The 4AMLD Virtual Currency Amendment must be formally adopted by EU Member States and turned into national laws within 18 months.

Source: EU Amends AML Laws for Cryptotrading as US Ponders: Ex… | News | Cointelegraph

The prevailing wisdom for cryptocurrency founders is that you win through hype: talk like an infomercial, parade clownish speakers around conferences, and attack critics relentlessly for “spreading FUD.” That approach works; many aggressive entrants have muscled their way to the top of the charts with these tactics (you know who you are).

But there’s another approach that’s less talked about and just as widely employed, one that cryptocurrency founders and investors need to pay attention to: anti-hype.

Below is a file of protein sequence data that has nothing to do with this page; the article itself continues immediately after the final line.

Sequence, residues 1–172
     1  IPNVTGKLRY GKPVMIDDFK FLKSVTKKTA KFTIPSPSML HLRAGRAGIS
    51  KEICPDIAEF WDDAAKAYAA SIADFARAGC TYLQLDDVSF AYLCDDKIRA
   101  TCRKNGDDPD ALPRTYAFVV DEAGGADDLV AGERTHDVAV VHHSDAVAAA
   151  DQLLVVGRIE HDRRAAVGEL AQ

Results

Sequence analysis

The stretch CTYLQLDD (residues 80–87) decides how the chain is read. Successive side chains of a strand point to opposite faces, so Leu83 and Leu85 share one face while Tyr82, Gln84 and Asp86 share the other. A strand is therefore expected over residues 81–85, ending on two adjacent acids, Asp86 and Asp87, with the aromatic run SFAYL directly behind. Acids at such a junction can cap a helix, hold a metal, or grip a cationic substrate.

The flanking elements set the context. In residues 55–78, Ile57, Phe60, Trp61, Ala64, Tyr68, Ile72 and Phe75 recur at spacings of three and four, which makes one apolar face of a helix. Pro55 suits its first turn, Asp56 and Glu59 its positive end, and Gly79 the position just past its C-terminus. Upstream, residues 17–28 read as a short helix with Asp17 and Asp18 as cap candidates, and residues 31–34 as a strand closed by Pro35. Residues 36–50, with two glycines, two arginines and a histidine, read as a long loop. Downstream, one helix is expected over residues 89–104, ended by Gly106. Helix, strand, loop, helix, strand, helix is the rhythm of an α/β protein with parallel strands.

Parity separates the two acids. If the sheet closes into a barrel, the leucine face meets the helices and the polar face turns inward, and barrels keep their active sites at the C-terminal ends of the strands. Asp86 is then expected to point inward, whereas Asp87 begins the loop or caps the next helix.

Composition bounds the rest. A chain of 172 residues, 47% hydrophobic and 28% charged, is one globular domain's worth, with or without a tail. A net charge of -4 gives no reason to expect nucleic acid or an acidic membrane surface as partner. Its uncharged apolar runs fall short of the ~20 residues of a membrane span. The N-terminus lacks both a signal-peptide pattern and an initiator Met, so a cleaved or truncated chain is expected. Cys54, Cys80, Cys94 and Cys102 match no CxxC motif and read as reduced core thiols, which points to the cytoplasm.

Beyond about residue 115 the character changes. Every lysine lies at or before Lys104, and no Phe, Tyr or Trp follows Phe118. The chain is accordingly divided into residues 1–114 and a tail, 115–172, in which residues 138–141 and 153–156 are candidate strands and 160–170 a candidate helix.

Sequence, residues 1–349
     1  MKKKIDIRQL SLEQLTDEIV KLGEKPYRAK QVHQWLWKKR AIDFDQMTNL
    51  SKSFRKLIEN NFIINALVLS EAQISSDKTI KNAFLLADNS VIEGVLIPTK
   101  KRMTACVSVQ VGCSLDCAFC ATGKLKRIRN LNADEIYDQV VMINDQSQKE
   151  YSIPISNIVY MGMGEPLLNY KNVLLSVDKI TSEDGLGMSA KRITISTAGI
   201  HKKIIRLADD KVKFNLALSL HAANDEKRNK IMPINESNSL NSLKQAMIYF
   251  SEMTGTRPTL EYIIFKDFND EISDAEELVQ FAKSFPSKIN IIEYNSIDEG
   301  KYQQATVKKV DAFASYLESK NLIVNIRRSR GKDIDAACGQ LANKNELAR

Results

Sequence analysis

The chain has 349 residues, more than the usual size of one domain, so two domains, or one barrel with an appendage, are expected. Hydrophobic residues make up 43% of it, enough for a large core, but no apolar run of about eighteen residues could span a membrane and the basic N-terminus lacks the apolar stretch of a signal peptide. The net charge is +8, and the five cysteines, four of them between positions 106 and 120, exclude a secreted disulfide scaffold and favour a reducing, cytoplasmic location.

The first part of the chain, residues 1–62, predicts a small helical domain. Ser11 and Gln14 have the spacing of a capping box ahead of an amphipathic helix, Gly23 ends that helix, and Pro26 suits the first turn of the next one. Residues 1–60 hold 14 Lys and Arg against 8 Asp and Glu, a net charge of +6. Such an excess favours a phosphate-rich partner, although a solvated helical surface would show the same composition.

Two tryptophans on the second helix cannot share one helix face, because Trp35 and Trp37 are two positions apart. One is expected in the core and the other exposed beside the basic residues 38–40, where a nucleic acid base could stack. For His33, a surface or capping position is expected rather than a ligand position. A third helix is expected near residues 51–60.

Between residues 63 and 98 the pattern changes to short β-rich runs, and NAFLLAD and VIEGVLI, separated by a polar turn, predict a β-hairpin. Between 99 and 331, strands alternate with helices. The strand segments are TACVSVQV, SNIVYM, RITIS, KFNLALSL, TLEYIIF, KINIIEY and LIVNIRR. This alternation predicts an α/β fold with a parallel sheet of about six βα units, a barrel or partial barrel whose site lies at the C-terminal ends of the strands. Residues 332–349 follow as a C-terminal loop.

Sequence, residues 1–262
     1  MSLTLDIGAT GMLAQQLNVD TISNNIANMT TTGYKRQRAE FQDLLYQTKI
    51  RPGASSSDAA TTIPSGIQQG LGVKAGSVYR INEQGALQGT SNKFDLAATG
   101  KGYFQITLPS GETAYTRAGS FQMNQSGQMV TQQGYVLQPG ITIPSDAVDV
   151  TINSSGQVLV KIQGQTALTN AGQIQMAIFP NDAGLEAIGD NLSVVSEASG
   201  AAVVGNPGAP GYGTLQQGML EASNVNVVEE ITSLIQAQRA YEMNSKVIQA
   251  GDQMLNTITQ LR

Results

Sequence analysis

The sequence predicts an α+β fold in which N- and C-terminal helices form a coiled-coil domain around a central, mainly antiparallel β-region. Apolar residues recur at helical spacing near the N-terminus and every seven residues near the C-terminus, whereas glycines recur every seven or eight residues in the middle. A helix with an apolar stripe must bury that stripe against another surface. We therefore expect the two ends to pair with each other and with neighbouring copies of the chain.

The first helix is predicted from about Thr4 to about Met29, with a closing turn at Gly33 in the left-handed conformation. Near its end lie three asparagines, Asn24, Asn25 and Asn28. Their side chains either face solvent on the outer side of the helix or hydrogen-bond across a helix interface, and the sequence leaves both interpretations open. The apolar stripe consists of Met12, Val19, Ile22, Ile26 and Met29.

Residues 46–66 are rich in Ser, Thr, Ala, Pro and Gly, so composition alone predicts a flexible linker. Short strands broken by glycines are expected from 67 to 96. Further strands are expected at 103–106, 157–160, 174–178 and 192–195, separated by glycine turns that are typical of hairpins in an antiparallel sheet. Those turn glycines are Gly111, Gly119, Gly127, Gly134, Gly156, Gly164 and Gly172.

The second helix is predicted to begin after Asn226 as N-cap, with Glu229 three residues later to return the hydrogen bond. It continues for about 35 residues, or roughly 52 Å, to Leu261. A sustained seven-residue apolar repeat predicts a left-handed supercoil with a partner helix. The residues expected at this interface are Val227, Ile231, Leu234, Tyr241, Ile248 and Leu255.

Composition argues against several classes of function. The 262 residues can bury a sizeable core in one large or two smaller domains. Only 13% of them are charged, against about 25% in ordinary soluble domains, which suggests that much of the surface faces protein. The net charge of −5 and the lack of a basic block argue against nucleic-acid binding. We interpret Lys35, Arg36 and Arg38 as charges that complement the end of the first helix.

Ethereum recently fell from second place to third place in market cap. That was big news, but outlets are covering it wrong. The story isn’t that Ripple beat Ethereum, it’s that Ethereum is playing the anti-hype game. It would be trivial for Ethereum to flex its muscle and rally past Ripple, perhaps even past Bitcoin itself. They power almost every cryptocurrency in the world and their founder, Vitalik Buterin, is the closest thing to a blockchain figurehead. But instead of talking up Ethereum on TV or making blustery statements about how Ethereum will disrupt this or that, Buterin calls token sales overvalued, lambasts bad actors, and makes statements like these: